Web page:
One of the new features that shipped with Ubuntu 17.04 is support for a Swap file. So instead of the traditional Swap partition, a new installation of Ubuntu 17.04 will be configured with a Swap file, just as in a Microsoft Windows operating system.
If you’re upgrading from an older Ubuntu installation, like Ubuntu 16.10, the existing Swap partition will be retained, and a Swap file will not be created. But there’s nothing stopping you from deleting the Swap partition and setting up a Swap file in its place. I had such a system running as VirtualBox guest, so after the system was upgrade, I configured a Swap file and deleted the Swap partition. Everything seems to work fine afterwards, including putting the system in and out of suspend mode.
The rest of this article will show you how it was done. The process involves creating the Swap file first, make it a permanent feature of the system, reboot the system, then delete the existing Swap partition once you’re satisfied that it works.
Please note that this was done on a system that was not installed on an encrypted Swap partition or on an LVM partitioning scheme, so keep that in mind if you decide to use this guide.
Where’s Your Swap Partition?
Before starting, use the following commands to view the amount of disk space assigned to the Swap partition:
# This command will list the partition sued for Swap swapon --show > NAME TYPE SIZE USED PRIO > /dev/sda5 partition 1.5G 3.9M -1 # alternatively, you could use the next command to view the same info free -h > total used free - - - - > Swap: 1.5G 3.8M 1.5G #
Make That Swap And Verify It
Now that we know what we have, let’s get to work by creating the Swap file using the following commands:
# Create a Swap file # /swapfile is the name I used here, but you can call it anything # I assigned it 2 GB of disk space, but you can change that too sudo fallocate -l 2G /swapfile #
If you do a long listing of the root directory and filter for the swap file you just created, you would see that it has permissions of 644. However, on a new installation of Ubuntu 17.04, the permissions are set to 600. So we need to further restrict the permissions to match what a Ubuntu 17.04 system expects it to be. Setting the permission to 600 ensures that only the root user can read and write to it. Use the following commands to perform the tasks given in this paragraph:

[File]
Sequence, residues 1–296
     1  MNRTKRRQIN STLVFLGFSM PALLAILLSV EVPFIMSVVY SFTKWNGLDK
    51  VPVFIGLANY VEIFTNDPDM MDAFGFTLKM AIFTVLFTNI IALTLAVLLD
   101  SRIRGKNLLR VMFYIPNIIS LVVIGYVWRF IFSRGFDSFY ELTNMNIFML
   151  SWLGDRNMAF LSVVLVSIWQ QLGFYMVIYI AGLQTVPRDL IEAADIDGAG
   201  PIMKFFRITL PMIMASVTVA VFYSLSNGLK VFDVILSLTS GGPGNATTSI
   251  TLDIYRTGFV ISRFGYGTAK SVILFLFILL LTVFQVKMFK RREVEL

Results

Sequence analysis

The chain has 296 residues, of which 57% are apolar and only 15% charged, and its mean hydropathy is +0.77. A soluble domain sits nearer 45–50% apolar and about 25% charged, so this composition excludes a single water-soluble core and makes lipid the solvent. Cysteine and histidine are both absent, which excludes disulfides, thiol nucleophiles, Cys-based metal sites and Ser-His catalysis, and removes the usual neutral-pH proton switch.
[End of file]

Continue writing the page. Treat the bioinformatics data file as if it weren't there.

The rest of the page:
# Listing and changing the permissions of the Swap file # > Indicates output ls -lh / | grep swapfile > -rw-r--r-- 1 root root 2G May 12 18:30 /swapfile # Then change the permissions to 600 sudo chmod 600 /swapfile #
After that, we’ll use the next couple of commands to mark the file as Swap space, then enable it to make it usable by the system:
# Mark file as Swap space sudo mkswap /swapfile # Then enable it sudo swapon /swapfile #
Now verify that the file system can see the new Swap space using the following command:
# > indicates output swapon --show > NAME TYPE SIZE USED PRIO > /dev/sda5 partition 1.5G 3.9M -1 > /swapfile file 2G 0B -2 #
Make The Swap File Stick
So you now have two sources of Swap space, which is really not necessary. The old Swap space needs to be deleted. However, before doing that, let’s make our new Swap file permanent, so that it will remain after the next reboot. To accomplish that, we’ll have to edit the /etc/fstab file. So open it with your favorite text editor (nano is recommended for new users). Within that file, the last, uncommented entry should be for Swap, and the last two lines should read like the following:
# swap was on /dev/sda5 during installation UUID=9792b062-e77c-4db9-8c11-4e87bbf65b87 none swap sw 0 0 #
What you need to do to replace the Swap partition with the Swap file in that file, is delete the UUID=9792b062-e77c-4db9-8c11-4e87bbf65b87 part (the UUID will be different in yours), and type in /swapfile or the name you used for it. When completed, the entry for Swap will read like the following. Save and close the file:
# swap now in /swapfile /swapfile none swap sw 0 0 #
Now you may reboot the computer. Afterwards, use the following commands to verify that the system is using the Swap file, instead of the Swap partition:
# > indicates output swapon --show > NAME TYPE SIZE USED PRIO > /swapfile file 2G 8.9M -1 # alternatively, you could use the next command to view the same info free -h > total used free - - - - > Swap: 2.0G 8.8M 2.0G #
Delete The Old Swap Partition
So that’s good! The system is now using the Swap file, instead of the Swap partition, so the latter may be deleted. To delete it, launch the Disks utility from the launcher (typing “disks” will bring it up).
Three partitions will be represented – root (/dev/sda1), an extended partition (/dev/sda2), and the Swap partition (/dev/sda5). Don’t touch the root partition. Only the extended and Swap partitions will be deleted. Start by deleting the Swap partition by selecting it and clicking on the – button.
You now have some extra space.
Next, delete the extended partition using the same method as above.
Now you’ve completely reclaimed the disk space once allocated to Swap. Was it worth it? Does it work? I’ll probably answer nyet for the first question, but it obviously works. Even putting the system in and out of suspend mode works.